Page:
Another example is given in William H. Cropper’s book Great physicists (Oxford U.P., p. 418): George Zweig’s paper on quarks (aces) was “emphatically rejected” by Physical Review but Murray Gell-Mann was “older and wiser” so he “anticipated a negative reception at the Physical Review to such bizarre entities as unobservable, fractionally charged elementary particles, and he published his first quark paper in Physics Letters. Zweig’s theory went unpublished except in a CERN report, but it and its author acquired a certain reputation. When Zweig sought an appointment at a major university, the head of the department pronounced him a ‘charlatan’.”

    So much for Professor Sean Carroll’s simplistic advice on his blog a few years ago, that anyone with a radical and correct theory will be warmly welcomed, immediately understood, and taken seriously. The problem is, great new ideas are born more like helpless, useless looking babies than like fully developed end products, so they’re not so easy to judge!

  4. Indeed, it’s seems like if one puts the whole of one’s energy in discoverying only, and zero percent of one’s effort in communicating about it, then one is likely to go very far beyond the research cutting-edge… but on one’s own… That’s THE problem here. One had better accept to not go that far and spare part of one’s skills and talent for talking about what was discovered. I guess Stückelberg was one who liked to discover important things, and that was it… On the contrary, Einstein made great efforts to propose his work to others, as in most of his articles was pointed out the hope his paper inspires other physicists for experimentation. Maybe is there the secret of Einstein’s overwhelming success.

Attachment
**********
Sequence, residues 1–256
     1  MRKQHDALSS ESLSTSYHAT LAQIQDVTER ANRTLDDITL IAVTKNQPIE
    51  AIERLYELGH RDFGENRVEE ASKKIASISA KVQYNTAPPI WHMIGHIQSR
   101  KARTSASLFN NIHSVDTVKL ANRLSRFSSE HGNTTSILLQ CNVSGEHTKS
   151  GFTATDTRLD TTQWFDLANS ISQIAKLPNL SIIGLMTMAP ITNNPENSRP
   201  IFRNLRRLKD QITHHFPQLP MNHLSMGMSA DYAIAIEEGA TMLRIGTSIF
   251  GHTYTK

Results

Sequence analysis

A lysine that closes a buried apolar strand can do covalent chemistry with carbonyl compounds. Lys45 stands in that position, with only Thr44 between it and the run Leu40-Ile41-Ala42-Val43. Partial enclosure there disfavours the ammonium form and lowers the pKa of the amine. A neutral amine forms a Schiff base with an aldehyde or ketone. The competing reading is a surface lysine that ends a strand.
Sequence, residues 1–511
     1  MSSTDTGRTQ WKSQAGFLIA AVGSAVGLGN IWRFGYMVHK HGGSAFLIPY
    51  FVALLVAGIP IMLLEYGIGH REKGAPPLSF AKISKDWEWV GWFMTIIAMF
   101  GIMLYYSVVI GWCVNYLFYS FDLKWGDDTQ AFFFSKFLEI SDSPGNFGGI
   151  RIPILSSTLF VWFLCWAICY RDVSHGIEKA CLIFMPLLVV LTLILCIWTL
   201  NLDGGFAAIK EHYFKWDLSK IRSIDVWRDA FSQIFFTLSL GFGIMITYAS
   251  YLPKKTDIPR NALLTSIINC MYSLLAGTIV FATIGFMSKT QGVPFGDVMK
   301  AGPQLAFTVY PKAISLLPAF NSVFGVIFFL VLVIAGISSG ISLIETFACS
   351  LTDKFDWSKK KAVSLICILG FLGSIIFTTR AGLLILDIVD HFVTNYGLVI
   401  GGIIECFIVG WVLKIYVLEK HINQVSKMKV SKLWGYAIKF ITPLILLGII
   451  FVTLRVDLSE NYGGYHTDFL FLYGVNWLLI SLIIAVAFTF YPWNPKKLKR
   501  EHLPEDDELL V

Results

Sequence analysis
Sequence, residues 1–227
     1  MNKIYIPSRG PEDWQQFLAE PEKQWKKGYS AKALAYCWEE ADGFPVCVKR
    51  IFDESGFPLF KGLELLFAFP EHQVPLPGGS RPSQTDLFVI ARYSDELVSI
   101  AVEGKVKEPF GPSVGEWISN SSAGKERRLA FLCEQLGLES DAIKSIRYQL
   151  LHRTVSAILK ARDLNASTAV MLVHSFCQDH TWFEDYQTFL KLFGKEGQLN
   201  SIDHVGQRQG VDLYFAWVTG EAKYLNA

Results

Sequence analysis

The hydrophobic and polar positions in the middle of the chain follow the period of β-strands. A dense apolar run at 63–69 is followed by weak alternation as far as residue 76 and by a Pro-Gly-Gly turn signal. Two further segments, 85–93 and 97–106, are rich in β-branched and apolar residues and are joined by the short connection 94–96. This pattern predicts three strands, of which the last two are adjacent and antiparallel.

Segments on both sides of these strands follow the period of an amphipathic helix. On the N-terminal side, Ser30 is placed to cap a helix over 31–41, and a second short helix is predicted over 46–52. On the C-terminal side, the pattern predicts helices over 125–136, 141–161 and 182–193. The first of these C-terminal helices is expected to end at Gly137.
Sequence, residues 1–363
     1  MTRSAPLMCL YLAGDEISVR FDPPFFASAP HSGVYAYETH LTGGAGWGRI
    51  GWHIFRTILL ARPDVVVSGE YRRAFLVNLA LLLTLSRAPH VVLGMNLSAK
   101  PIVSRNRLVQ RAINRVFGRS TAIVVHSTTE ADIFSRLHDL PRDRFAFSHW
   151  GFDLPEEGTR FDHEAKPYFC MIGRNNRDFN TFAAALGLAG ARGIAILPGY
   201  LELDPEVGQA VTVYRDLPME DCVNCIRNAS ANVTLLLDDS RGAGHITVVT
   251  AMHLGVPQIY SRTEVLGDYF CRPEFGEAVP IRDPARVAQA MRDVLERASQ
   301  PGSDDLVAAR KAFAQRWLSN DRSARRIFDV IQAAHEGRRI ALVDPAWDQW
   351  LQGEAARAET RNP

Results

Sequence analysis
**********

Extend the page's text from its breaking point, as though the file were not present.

Regards,

  5. @Nigel : “I’m just wondering where the censors are coming from, how they think.”

    That is a very good question, as no one knows where they come from, although being everywhere… The fact is, manuscripts are bunches of letters and symbols prior to being development of ideas and theories; the consequence of this is that a great discoverer with poor writing skills could be one like Stückelberg (for example).

    Best,

  6. Chris Oakley says:

    No-one ever thought that Stückelberg was a crackpot, at least not in physics terms (he became mentally ill towards the end of his life), so I resent the title of this post.

    It is, however, true to say that he was diffident about his genuine contributions to physics, the most important of which, IMHO, was his 1934 covariant perturbation theory. I do not know the full story here, but it seems entirely possible that Stückelberg was yet another victim of Pauli’s withering criticism and may have abandoned this (and maybe other ideas as well) on account of this.